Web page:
Our Unconscious Motivators IV

BarroMetrics Views: Our Unconscious Motivators IV

In this past week, I have been focusing on identifying our unconscious motivators. The key one is the one I label our ‘default future’; unconscious, automatic responses learnt in our childhoodl the stuff that governs our default responses which, unless identified and dealt with, will continue to provide the same responses – responses which may or may not be appropriate. Since our default future falls into the ‘what we don’t know, we don’t know category’, how do we identify it?

The easiest way is to observe our stated outcomes, our behaviour and our results. If our behaviour does not lead to our outcomes but we persist with the behaviour, you can bet your bottom dollar that some unconscious response is at play.

For example, you’d have a screaming pointer of a response at play if your goal is to attain consistent trading success, and yet you continually breach your trading rules.

I have chosen this example because it allows me to bring in the two human traits I wrote about on Wednesday:

  1. The Impulse/Risk Manager decision-making process and
  2. The Fixed/Growth Mindset.

But before I get into that, let me bring in one more important variable. Denise Shull rightly promotes the idea that as long as we are executing our trades (as contrasted with a computer executing our rules), we must allow for some form of discretion. In some quarters, this may be seen as a breach of rules but she likens it to a coach giving his team the play and having the quarter-back make the on-the-field decisions. A good example of this took place for me on FOMC night.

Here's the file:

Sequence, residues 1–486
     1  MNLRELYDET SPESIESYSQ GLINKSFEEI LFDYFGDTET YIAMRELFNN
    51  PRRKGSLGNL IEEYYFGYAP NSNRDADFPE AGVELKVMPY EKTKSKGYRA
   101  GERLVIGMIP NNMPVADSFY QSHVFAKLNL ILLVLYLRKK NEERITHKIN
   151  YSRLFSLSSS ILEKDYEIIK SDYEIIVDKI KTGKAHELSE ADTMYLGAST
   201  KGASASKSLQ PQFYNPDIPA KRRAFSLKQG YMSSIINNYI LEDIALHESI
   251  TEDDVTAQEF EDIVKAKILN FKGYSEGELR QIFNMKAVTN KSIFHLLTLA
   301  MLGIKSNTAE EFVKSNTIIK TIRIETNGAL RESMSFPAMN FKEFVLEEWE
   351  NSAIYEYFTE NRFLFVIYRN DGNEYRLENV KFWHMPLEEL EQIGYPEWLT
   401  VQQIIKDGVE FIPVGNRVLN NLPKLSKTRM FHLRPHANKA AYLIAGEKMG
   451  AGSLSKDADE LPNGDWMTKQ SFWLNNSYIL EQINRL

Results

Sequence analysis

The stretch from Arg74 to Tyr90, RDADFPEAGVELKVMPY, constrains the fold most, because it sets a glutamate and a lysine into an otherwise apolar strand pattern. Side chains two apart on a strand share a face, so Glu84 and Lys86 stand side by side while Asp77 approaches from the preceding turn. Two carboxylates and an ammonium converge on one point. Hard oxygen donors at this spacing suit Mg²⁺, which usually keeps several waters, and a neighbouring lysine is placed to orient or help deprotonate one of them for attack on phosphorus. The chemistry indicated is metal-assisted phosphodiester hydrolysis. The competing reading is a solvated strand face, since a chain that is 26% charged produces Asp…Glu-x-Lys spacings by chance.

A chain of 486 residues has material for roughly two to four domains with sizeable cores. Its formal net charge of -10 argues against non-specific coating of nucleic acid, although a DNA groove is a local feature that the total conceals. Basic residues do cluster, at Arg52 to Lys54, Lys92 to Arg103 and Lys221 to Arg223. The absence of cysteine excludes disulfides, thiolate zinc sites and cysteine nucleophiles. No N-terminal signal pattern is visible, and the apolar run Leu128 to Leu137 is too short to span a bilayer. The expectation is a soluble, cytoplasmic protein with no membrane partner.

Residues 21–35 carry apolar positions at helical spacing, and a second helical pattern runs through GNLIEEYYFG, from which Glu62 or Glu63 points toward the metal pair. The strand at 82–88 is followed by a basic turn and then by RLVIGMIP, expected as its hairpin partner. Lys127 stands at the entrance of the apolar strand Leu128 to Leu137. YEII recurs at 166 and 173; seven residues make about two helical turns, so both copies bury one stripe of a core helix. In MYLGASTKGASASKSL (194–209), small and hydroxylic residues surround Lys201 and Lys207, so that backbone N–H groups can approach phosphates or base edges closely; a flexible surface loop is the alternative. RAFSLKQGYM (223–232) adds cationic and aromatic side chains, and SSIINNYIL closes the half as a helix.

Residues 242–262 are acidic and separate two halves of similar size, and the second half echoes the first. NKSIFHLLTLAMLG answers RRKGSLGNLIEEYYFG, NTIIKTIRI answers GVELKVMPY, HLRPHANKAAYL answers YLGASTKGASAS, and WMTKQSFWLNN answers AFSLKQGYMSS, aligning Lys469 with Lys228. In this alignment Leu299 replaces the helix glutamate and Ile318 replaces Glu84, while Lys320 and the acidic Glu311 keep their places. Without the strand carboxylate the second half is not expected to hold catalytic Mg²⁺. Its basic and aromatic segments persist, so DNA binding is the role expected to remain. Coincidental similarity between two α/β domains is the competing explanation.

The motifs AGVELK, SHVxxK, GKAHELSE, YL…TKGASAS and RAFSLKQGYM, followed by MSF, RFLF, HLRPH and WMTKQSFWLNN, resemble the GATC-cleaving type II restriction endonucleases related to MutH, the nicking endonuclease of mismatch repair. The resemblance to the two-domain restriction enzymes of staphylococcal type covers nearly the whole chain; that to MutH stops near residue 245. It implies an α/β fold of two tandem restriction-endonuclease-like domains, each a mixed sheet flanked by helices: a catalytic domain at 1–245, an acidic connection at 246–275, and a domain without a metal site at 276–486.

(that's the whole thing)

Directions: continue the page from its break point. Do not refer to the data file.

I had decided to sell the ES if:

  • I saw volume at 896 and
  • The volume occurred no earlier than 10 minutes after the rate decision was announced.

Well, right on the button, strong selling volume came in and at 899, I decided that the strength of the volume meant that at 896 we’d see the volume that would trigger the sell signal. So, I took the trade and got filled at 898.75. If I had been proven wrong, I’d have exited the shorts.

 Denise is right, if we don’t allow some room for our discretion, we are doomed to not ‘following our rules’ in situations which not following is the ‘correct’ thing to do.

Which brings me to the next point. My dominant decision-making process is that of a Risk-Manager which is why I have better trading results as an 18-day swing trader than a da-trader. But there are times (usually in the execution of a trade) that I act more like a Impulsive decision-maker and I am OK with that – as long as I exit the position, if the market fails to do what I was looking for.

So, if you are someone who is not ‘following your rules’, check to see your decision-making style. (an aside, most ex-floor traders, for example, fall into the Impulse category). If your style is the Impulse mode, then make sure you do some pre-planning as this will help your intuition. Then just execute on your intuition BUT after executing, check the reward:risk, benchmarks etc. If the trade does not qualify, just exit. Don’t anchor your entry price – just exit. In other words, the decisions normally made by the Risk Manager before the trade are carried out by the Impulse Trader after the trade.

An acquaintence recently told me: “You know… there’s one simple reason why most people don’t make the improvements in their lives they long for: The reason is that nothing is going to change in their lives if they don’t take conscious actions to make a difference. You’ve got a choice: Either go after the knowledge and opportunities that will make a difference in your life…or stay where you are.”

The problem is it is only now that we are discovering how to identify and change ‘what we don’t know, we don’t know’. And until we do that, until we change that to ‘we know what we don’t know’, all the innovations and discoveries will not make one iota of difference.

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